HIGHLIGHTS OF THE WEEK
- President Trump announced tariffs on steel and aluminium imports to take effect in 15 days. The scope is narrower than initially announced. Mexico and Canada are exempt, and more allies may be excluded once the levies take effect.
- The American economy continues to hum along, with a very solid job report in February. The Fed’s Beige Book also painted a relatively rosy picture, but also one where businesses are starting to pass higher costs onto customers.
- Inflationary pressures are building in the U.S., and import tariffs will increase the force. This presents a challenge for the Fed which will have to incorporate the uncertain impacts of fiscal stimulus, and now tariffs into its forecast.
All Signs Point to Higher Inflation
Politics overshadowed economics this week as markets awaited Trump’s announcement on steel and aluminum tariffs. When it came on Thursday afternoon the scope was narrower than first thought. Canada and Mexico are exempt from the tariffs as long as negotiations on the North American Free Trade Agreement continue, and other allies may ultimately be exempt once the tariffs are put in place in 15 days. Together Canada and Mexico represent a quarter of American steel imports and 43 percent of aluminum. America’s neighbors may now benefit from the plan as they take market share from other countries slapped with tariffs.
However, trading partners are expected to retaliate, levying tariffs on U.S. exports. Economic studies have shown that the overall costs to the economy from these trade battles outweigh the job gains in the protected sector. Our own estimates for the steel and aluminum tariffs specifically suggest the overall growth impacts in the large U.S. economy would be fairly modest, but that they could raise inflation a couple of tenths of a percentage point.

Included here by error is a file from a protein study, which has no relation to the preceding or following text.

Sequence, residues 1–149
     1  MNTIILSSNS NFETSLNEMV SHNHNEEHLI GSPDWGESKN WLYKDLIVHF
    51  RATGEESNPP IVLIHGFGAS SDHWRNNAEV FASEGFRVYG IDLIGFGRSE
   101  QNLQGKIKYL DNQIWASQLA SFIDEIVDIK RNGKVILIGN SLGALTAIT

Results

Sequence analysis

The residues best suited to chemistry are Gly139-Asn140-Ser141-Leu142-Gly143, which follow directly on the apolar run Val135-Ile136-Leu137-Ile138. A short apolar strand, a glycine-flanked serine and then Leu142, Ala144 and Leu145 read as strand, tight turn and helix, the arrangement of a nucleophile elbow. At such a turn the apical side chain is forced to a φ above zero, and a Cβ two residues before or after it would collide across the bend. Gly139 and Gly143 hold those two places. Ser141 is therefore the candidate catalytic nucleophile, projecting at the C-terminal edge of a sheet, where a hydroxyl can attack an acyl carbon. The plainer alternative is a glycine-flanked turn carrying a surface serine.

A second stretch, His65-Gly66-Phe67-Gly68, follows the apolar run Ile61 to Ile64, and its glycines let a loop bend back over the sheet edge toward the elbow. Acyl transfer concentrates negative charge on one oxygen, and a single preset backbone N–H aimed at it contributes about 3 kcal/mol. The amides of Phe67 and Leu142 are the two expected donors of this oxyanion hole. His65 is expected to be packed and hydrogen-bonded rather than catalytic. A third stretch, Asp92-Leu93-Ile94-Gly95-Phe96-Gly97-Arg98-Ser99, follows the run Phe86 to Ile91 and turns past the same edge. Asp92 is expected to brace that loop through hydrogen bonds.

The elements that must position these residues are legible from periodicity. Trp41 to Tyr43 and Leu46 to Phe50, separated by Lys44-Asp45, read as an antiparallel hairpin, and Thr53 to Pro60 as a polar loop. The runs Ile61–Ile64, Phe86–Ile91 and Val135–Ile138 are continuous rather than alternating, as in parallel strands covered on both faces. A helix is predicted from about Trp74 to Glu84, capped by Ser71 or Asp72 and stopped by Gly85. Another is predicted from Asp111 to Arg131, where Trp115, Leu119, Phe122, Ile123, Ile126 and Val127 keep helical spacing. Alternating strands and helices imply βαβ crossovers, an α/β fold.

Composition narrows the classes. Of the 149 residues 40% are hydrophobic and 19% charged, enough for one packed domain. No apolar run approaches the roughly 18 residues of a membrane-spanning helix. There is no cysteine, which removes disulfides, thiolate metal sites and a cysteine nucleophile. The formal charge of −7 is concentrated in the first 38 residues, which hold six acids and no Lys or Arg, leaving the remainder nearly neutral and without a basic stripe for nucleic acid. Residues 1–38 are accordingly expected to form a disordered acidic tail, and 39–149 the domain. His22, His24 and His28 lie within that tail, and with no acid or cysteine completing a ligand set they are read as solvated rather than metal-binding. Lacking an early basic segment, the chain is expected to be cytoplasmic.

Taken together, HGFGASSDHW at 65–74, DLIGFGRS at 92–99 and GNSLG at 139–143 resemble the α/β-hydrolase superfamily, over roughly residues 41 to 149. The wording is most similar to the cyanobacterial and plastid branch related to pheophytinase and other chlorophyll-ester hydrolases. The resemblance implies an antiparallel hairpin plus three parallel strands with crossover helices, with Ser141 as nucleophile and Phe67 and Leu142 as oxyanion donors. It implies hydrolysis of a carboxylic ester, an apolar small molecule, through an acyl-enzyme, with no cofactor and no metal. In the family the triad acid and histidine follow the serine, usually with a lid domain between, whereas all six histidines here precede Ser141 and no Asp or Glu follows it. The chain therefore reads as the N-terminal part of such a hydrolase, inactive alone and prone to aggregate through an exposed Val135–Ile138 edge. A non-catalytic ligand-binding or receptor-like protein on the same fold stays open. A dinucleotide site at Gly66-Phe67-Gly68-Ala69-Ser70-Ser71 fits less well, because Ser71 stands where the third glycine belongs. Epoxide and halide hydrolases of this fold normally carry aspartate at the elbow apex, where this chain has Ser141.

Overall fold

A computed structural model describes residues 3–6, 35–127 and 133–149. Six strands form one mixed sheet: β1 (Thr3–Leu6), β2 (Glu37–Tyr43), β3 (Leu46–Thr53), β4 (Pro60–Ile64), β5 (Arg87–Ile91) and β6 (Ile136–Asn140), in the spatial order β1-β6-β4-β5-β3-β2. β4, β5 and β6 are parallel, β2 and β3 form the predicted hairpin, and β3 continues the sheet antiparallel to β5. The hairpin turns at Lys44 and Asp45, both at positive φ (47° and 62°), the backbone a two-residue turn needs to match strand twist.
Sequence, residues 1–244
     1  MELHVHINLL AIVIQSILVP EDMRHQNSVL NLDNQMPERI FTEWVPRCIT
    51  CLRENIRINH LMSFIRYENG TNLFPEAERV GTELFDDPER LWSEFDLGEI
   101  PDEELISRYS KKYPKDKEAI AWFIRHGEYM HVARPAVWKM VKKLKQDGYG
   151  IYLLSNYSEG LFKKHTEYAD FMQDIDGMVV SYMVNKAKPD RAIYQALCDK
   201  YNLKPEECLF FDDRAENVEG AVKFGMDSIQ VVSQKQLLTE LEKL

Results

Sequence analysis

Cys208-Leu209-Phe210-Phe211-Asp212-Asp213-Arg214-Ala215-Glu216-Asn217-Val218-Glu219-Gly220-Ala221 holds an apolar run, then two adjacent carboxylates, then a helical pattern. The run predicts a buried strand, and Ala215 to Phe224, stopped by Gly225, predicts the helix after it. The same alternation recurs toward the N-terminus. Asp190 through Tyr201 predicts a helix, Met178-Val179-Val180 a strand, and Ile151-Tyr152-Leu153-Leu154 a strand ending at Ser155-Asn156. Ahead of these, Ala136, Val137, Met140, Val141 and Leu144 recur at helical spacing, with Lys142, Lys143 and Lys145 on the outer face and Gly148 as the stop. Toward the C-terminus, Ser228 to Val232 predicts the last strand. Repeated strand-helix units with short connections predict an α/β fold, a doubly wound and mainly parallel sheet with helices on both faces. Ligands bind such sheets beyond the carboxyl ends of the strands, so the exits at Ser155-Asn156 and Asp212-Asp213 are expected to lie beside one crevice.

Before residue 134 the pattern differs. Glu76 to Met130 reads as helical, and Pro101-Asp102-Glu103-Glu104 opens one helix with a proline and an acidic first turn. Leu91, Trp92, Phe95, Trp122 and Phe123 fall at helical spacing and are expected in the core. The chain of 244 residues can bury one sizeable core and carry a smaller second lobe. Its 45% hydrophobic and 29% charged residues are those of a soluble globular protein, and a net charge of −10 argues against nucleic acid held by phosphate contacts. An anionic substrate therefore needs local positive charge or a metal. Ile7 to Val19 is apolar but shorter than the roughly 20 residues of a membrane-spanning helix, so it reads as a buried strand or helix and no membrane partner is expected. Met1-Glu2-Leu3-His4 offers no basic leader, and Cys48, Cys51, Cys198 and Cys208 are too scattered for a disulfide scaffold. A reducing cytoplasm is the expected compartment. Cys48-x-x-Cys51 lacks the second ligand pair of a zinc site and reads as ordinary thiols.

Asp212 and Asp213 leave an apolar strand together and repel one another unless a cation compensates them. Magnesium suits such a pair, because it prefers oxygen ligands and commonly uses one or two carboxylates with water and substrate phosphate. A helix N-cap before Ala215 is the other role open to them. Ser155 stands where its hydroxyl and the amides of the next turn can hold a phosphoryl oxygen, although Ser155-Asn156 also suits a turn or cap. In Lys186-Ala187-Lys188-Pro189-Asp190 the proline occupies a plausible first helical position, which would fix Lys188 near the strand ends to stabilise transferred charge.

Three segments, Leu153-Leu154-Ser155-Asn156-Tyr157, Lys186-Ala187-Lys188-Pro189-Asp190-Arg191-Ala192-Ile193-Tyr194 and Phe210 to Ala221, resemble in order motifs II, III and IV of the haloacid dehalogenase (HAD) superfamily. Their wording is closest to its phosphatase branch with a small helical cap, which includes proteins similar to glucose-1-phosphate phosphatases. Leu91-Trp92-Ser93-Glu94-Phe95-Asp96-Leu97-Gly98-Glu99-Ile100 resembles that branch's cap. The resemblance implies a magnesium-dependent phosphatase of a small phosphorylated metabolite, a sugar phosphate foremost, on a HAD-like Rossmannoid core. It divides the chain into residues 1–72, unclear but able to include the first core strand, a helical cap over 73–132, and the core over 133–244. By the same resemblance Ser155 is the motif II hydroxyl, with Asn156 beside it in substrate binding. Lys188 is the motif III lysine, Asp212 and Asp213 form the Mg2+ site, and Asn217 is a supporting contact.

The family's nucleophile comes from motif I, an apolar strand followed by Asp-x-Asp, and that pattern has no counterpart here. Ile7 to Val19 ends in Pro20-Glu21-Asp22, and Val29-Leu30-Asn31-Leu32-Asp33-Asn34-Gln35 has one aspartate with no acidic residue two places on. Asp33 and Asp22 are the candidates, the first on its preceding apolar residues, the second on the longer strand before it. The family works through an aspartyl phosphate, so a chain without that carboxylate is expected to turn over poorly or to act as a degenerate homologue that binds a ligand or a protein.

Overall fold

The President didn’t stop at steel and aluminum. He reiterated his goal to reverse the U.S. trade deficit, and that he may implement a reciprocal or “mirror tax” to help achieve this. He offered few details, but suggested the U.S. would slap the same level of duties on trading partners that U.S. companies face in those countries. These actions will raise prices for many U.S. businesses that use the materials as inputs in manufacturing, and ultimately raise prices for consumers, adding to budding inflation pressures across the economy.
This week’s economic data certainly doesn’t suggest the U.S. needs economic protection. Payrolls grew by an impressive 313k jobs in February. The unemployment rate stayed at its 17-year low of 4.1%, where it has been since October. Hiring has accelerated in recent months, driven by the goods sector, which had stumbled somewhat in the wake of the oil price crash, but is now making up the lost ground. Wage growth cooled slightly, with average hourly earnings up 2.6% versus a year ago, down from 2.8% in January. However, when this volatile series is smoothed, wage gains have been steady at around 2.6% for about a year, and have been outpacing inflation for over three years.
The Fed’s Beige Book also painted a picture of an economy that is humming along. Fed districts universally reported labor market tightness and heightened demand for qualified workers. Several districts reported increasing compensation as a result of the tax cuts that came into effect at the start of the year. The report also suggested that businesses are increasingly passing on increases in input prices. A variety of forces are expected to push inflation higher this year, the only question is how quickly.
The risks that inflation will accelerate faster than the Fed currently expects are mounting. The FOMC’s next announcement is on March 21st, and a hike at the meeting is essentially a lock. We currently expect three 25-basis point moves in 2018, but the risks are skewed to more hikes rather than fewer.
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